There are two ways to implement this feature :

1. "passive-interface default" - marks all interfaces as passive, interfaces that should be part of routing system must be explicitly configured with "no passive-interface" command.

Sample configuration (sets all interface except f0/0 and f0/1 to passive mode):

!
router ospf 1
 passive-interface default
 no passive-interface f0/0
 no passive-interface f0/1
!

2. mark specific interfaces as passive:

!
router ospf 1
 passive-interface f0/0
 passive-interface f0/1
!

It is important to note that in both cases the configuration is performed in the OSPF process context and not interface context.

Access Control List (ACL) is another option to accomplish what passive interfaces would. (Though I find passive interface option much more manageable) We can apply ACLs blocking OSPF traffic on access ports or any ports as required. We need to apply them in both directions as we don't want OSPF traffic coming in or going out. 

Sample configuration:

!
access-list 101 deny ospf any any
!
!
interface f0/0
 ip access-group 101 in
 ip access-group 101 out
!


Route filtering should also be employed to protect routing systems. Filtering works best at topological edges such as WAN aggregation points. For example if we have 3 branch offices using network ranges of 10.1.64.0/24, 10.1.65.0/24 and 10.1.66.0/24 we can configure a filter  that will prevent any routing updates outside of 10.1.64.0/22 range. This can generally be done effectively only on Area Border Routers or Autonomous System Border Routers.  OSPF route filtering is a complex and complicated subject which I'll cover some other time. 

Attacking OSPF - route injection

LOKI and author's Black Hat presentation can be downloaded here:  http://www.ernw.de/content/e6/e180/index_eng.html 


Falsifying routing information can have disastrous consequences to network stability. For example an attacker could reroute traffic through a monitoring station and capture traffic for later analysis. An attacker could also reroute traffic to a black hole or reroute a 10 Gig transit link traffic towards a 1 GB link causing a Denial of Service (DoS) condition.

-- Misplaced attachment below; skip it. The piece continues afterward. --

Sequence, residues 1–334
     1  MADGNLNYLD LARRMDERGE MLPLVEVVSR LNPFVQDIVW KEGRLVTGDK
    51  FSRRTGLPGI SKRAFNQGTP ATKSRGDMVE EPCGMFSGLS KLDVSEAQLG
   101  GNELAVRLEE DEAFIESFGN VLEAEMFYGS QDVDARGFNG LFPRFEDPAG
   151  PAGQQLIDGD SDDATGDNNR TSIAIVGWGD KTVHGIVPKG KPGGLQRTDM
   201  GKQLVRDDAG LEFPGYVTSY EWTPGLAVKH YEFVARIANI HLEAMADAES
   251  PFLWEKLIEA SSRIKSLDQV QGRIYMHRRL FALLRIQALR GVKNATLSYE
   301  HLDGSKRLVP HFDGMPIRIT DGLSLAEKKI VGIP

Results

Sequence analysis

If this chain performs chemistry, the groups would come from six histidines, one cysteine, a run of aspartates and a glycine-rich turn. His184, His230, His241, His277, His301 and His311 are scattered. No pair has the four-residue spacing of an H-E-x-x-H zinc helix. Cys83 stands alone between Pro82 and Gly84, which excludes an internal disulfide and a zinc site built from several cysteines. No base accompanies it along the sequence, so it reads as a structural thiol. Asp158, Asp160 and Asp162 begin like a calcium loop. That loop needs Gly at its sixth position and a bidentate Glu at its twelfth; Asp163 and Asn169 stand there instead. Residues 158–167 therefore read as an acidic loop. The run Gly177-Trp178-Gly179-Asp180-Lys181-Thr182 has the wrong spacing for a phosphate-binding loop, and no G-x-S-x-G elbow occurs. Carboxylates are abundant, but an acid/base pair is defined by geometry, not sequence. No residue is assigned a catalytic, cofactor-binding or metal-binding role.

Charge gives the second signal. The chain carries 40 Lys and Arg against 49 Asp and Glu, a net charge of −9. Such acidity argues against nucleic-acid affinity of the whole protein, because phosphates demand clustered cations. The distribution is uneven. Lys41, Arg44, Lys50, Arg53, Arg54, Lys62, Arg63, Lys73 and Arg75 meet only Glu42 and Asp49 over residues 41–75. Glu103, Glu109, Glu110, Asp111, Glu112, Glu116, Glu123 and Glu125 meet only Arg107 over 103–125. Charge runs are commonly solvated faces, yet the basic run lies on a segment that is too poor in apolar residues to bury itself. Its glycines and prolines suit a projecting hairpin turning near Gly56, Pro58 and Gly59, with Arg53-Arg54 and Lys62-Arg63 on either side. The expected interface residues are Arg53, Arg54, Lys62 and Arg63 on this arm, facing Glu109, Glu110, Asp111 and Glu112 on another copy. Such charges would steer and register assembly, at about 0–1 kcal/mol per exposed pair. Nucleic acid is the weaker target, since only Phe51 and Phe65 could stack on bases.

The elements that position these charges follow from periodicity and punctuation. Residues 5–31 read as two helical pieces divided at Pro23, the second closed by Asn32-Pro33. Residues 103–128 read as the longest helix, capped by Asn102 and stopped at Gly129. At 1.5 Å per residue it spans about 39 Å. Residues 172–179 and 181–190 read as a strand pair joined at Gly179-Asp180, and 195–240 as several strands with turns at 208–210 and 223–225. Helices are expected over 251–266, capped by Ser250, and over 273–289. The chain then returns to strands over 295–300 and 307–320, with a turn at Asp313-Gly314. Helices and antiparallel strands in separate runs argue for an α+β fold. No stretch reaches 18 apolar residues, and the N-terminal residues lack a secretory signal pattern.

Both network topology and scenario presented in this post are extremely simplistic but should be sufficient to present potential implications.



Our topology:




R1's routing table looks as follows:


R1#show ip route
C    20.0.0.0/8 is directly connected, FastEthernet1/0
     172.16.0.0/24 is subnetted, 1 subnets
C       172.16.0.0 is directly connected, FastEthernet0/0
O    192.168.5.0/24 [110/2] via 172.16.0.1, 00:00:01, FastEthernet0/0
     10.0.0.0/32 is subnetted, 1 subnets
C       10.0.0.1 is directly connected, Loopback0
O    192.168.6.0/24 [110/3] via 172.16.0.1, 00:00:01, FastEthernet0/0

Its OSPF neighbor table:

R1#show ip ospf neighbor


Neighbor ID     Pri   State                  Dead Time   Address         Interface
192.168.5.2       1    FULL/BDR        00:00:35      172.16.0.1      FastEthernet0/0

To launch LOKI in its default directory -  #python /usr/bin/loki.py 


Once we click run, LOKI will by default capture all control plane protocols it supports. In the screenshot below we can see that LOKI captured an OSPF Hello packet from its adjacent router. From the captured packet we can see the following:
  • IP address the hello was sent from is 20.0.0.1
  • router ID is 10.0.0.1 (by default highest loopback interface address)